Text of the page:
How Chinese Officials View the Press

March 12, 2015 Updated: March 13, 2015

Stories about media control and repression in China are legion—daily propaganda directives, stories spiked, journalists fired—but Chinese officials do not always reveal how they really feel about the press. What is the media, anyway, to a Chinese Communist Party apparatchik?

Now, in their own words (which sometimes employ vulgarity) these official say the media is a tool to be used: a mouthpiece, an obedient servant, and a lapdog—and the expectations even seem to extend to the foreign media.

As Loyal Mouthpiece

In July 2009, a reporter with China National Radio, a state-run broadcaster, was seeking to interview officials working on the Zhengzhou Urban and Rural Planning Bureau, during a series of events the bureau was holding. In one of the public meetings, a citizen raised an issue with the construction project. So when the reporter finally got his chance to meet with Li Chengxiang, the deputy chief of the planning bureau at the time, he asked him about these grievances.

And then the reporter received an earful: “Do you speak for the Chinese Communist Party or are you going to speak for the people?” Li Chengxiang said, angrily, according to Sina, a major Chinese news portal.

The presumption was that officials with the press, in particular the state press, have a one-way responsibility: to propagandize the policies of the state.

Observant readers were quick to point out that Li’s question also contains an important theoretical discrepancy: by asking whether the reporter was representing either the Party or the people, he was implying that the interests of the two diverged. While that is indeed mostly the case in China, Party doctrine states clearly that the Party is actually the ultimate representative of the people.

As Obedient Servant

The press pass in many places acts as an amulet for journalists, allowing them easy entry and exit from places not usually reserved for the public. But it doesn’t always work that way when dealing with Chinese officials.

In April 2010, when a reporter with the state-affiliated Legal Daily, presented his press pass to Zhang Shi, a public resource official in Zhejiang Province, Zhang simply said: “This is useless.”

The reporter pressed further. “Why do I have to accept your interview?” Zhang responded. “I refuse to be interviewed. And you can’t do jack about it.”

Li asked “How could it be useless? It’s issued by the State Administration of Press, Publication, Radio, Film and Television,” the agency that is in charge of media control. The arguing did him no good, however.

As a Scratching Post

Shen Jinlin, the director of Central Hospital in Hengyang, a city in the central province of Hunan, had a much more vulgar comparison for what he sees to be the role of journalists.

After seeing news reports showing Shen’s car in an underground parking lot—the report was aimed around exposing the excessive and illegal benefits being received by hospital workers and executives—Shen exploded at the press and other officials in a meeting.

“The reporter went so far as to track down and take pictures of a car that I have hidden in an underground parking lot!” Shen said, before comparing “the pen of reporters” to the genitalia of a prostitute.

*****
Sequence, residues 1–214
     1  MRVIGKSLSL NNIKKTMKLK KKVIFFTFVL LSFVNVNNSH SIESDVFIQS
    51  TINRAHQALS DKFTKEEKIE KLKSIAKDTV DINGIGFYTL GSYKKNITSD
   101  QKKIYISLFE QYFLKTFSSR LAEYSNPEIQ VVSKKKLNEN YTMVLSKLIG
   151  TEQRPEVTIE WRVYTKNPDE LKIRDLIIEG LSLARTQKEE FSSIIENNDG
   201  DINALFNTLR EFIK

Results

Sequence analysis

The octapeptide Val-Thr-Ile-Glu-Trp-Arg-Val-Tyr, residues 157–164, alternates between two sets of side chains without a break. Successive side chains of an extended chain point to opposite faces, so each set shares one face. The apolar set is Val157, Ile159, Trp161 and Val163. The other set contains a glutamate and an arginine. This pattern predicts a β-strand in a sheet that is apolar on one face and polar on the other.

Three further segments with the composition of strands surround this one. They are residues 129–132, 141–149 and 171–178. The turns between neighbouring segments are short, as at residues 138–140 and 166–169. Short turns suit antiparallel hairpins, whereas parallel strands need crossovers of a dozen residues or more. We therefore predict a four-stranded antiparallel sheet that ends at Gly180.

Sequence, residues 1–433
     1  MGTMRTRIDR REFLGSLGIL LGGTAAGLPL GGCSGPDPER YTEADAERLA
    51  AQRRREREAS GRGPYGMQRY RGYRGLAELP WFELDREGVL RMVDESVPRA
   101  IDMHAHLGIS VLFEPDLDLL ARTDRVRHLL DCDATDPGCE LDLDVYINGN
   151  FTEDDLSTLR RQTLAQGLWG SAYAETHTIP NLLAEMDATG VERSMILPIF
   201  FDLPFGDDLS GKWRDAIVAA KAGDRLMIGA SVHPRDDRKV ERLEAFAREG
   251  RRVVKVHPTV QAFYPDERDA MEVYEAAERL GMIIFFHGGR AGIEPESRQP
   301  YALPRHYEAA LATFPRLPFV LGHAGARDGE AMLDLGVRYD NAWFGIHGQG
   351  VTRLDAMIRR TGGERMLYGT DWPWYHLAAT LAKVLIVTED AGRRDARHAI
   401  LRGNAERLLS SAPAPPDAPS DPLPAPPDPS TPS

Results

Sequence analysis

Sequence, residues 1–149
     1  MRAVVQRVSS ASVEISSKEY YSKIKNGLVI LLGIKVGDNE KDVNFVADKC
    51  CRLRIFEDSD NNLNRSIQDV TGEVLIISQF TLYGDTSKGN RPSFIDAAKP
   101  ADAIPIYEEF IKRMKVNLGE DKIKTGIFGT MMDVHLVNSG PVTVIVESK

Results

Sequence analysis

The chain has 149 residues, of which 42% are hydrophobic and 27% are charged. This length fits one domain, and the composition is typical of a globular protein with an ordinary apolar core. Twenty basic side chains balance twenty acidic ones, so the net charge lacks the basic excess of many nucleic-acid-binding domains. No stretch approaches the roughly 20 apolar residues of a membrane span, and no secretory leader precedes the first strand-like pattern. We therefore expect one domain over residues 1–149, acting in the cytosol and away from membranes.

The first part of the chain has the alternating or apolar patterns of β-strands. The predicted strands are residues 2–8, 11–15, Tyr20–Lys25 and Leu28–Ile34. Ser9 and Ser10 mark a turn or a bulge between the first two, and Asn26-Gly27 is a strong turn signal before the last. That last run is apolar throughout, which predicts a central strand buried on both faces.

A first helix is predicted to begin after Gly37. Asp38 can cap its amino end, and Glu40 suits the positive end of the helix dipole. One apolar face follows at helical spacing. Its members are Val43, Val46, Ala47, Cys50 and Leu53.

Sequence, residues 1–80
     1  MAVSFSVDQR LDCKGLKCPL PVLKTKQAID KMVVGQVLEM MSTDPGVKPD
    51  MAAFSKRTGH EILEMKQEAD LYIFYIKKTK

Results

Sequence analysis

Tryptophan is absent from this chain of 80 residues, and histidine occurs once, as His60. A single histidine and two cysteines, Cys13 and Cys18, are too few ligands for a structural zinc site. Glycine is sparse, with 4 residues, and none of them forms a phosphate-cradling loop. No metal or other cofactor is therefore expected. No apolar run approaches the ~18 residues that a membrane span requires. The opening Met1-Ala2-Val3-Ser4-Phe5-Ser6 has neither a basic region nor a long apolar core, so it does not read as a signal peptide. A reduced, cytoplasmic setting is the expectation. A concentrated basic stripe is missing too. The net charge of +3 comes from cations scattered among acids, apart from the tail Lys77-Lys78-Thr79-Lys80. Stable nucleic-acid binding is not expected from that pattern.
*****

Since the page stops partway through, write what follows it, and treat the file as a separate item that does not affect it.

Shen is both director of the hospital and a representative to the municipal People’s Congress, an official post. News reports that covered his reaction expressed shock at the idea that the director of a 100-year-old hospital, and a government official, could make such a vulgar outburst in public. Even a reporter with the state-run Xinhua wrote: “Either the man has problems, or he holds the media in contempt.”

Foreign Press as Political Tool

This idea came through in the words of Shi Zhong, a former secretary to powerful Party figure Zeng Qinghong, and representative to the Chinese People’s Political Consultative Conference, a faux advisory body to the Party. Zeng Qinghong was one of the most powerful officials in China, despite his low profile, for his work in locking down the Party during and subsequent to the reign of his political master, Jiang Zemin, a former regime leader.

On March 8, Shi said that “Any media’s exclusive report must be based on evidence. Don’t report if you don’t have any evidence.” He continued: “Especially those overseas media, who report without evidence, and without having information fed to them by the relevant departments, who rush ahead expose things and fabricate information in the process.

He Qinglian, the author of a book on Chinese media control, wrote in an analysis in Voice of America that Shi’s remarks appeared to demonstrate that Chinese officials see the foreign media as a source for deliberate leaks.

She added: “This act of providing information could be an act of an individual Chinese official, or it could be the act of a certain group.”

“And the part about being ‘fed information’ by ‘relevant departments’ can only mean the person who is leaking the material is doing so under the order of his supervisor,” she continued.

The remarks feed into long-running skepticism, held by He Qinglian and many other scholars of Chinese media and society who grew up in and lived and worked in China as adults, that the reports on the wealth of Chinese leaders that emerged in 2012 in the New York Times and Bloomberg were done solely by Western journalists working alone.

“All top Chinese officials engaged in political struggle have their own channels to feed information to different foreign media,” He Qinglian wrote.

Back in November 2012, New York Times published a lengthy exposé, showing how Wen Jiabao, who was the the Premier at the time, had amassed the great wealth over the years with “exhaustive” details. The controversy at the time was not so much about Wen, but rather where New York Times got the detailed dirts on Wen.

Follow Frank on Twitter: @HwaiDer